Another area I would spend more time on is organization. Starting with a business plan. I recommend creating or paying whatever it takes to create a real business plan and then use the plan. It’s also important to keep that inbox clean. It’s an inbox, not a storage box. In addition, I would use my calendar more to set a work schedule. So decide what’s important and calendar it, whether that’s the gym, play, research, walking, nothing, calls, personal time, etc.
What I Would Not Do (Again)
Of course, what would this article be if I didn’t share some of my mistakes? I made a few, but maybe sharing them will keep you from making the same ones.
I would not get into the habit of sitting all day again. It’s important to set regular times to move around. It’s good to get out of your chair and change your neck position, etc. Along these lines I would get to the gym more, maybe four times a week, as well as scheduling a regular walk every day. Exercise is important in your encore career (as well as weight management). I wouldn’t let this fall by the wayside again.
There are feasts and famines in your encore career, too, by the way. So I would set aside more money for the famines, which in my business means no referrals. I would use the famine time to organize files, photos, and other projects that can wait for the feast periods to pass.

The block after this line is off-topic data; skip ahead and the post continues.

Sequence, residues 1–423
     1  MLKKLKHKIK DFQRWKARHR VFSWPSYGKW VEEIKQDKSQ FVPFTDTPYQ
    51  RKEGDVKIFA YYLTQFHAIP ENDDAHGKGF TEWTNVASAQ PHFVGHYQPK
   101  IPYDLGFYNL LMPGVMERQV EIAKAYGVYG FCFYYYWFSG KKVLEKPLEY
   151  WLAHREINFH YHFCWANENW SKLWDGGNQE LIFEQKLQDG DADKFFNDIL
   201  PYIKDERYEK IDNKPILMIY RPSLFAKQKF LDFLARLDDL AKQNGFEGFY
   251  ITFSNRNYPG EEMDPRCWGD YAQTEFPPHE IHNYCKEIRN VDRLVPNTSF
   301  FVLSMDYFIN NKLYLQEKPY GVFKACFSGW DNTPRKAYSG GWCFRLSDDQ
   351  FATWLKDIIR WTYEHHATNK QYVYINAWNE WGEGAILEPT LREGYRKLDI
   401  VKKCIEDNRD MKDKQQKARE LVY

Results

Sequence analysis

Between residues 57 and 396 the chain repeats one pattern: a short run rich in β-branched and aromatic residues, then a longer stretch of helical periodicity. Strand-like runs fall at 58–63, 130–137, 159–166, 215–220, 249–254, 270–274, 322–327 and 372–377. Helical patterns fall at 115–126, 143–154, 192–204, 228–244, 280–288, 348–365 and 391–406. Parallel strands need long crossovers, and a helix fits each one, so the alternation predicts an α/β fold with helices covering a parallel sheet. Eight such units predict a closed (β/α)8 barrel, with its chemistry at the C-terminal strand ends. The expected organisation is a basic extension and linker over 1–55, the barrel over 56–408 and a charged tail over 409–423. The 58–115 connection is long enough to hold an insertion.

I would also not spend so much money at the beginning on certain things again. For instance, I started out buying an 800 number, but realized a regular phone was fine. Unfortunately for me, the first number I bought was confused with a porn line. I cancelled it. I wouldn’t pay for extensive web development and SEO (Search Engine Optimization) right off the bat either. If most of your referrals come from your network, this is unnecessary. In fact, it’s safe to say I wouldn’t put any money out at all at first unless it were tied to the business plan and the niche you are pursuing.
There are things I might have spent more on, too. The first thing that comes to mind is the cheap business cards I had; I should have invested more in those first business cards. I also might have invested in IT support. Unless you have a high toleration for frustration, an IT person is a great investment!
I also worried about silly things. The first was the concern about concealing my home phone and address. These are available to anyone, so worrying about it is a waste. Also, I had misguided concerns that I might miss something in any interesting feed I saw online, so I signed up for all of them. The result was that I was so swamped with emails and alerts that I missed anything that might have been interesting in the feed.
So there you have it. The things I would do again, do more, and not do ever again. Most of all, I would make sure that when you start your encore career you by begin looking for areas of interest that were energizing, as well as avoiding draining areas. Remember, you are working to be energized and enjoy your life so only do what is energizing and fun as much as possible in your encore career. I’m happy to say that I’m 95% there.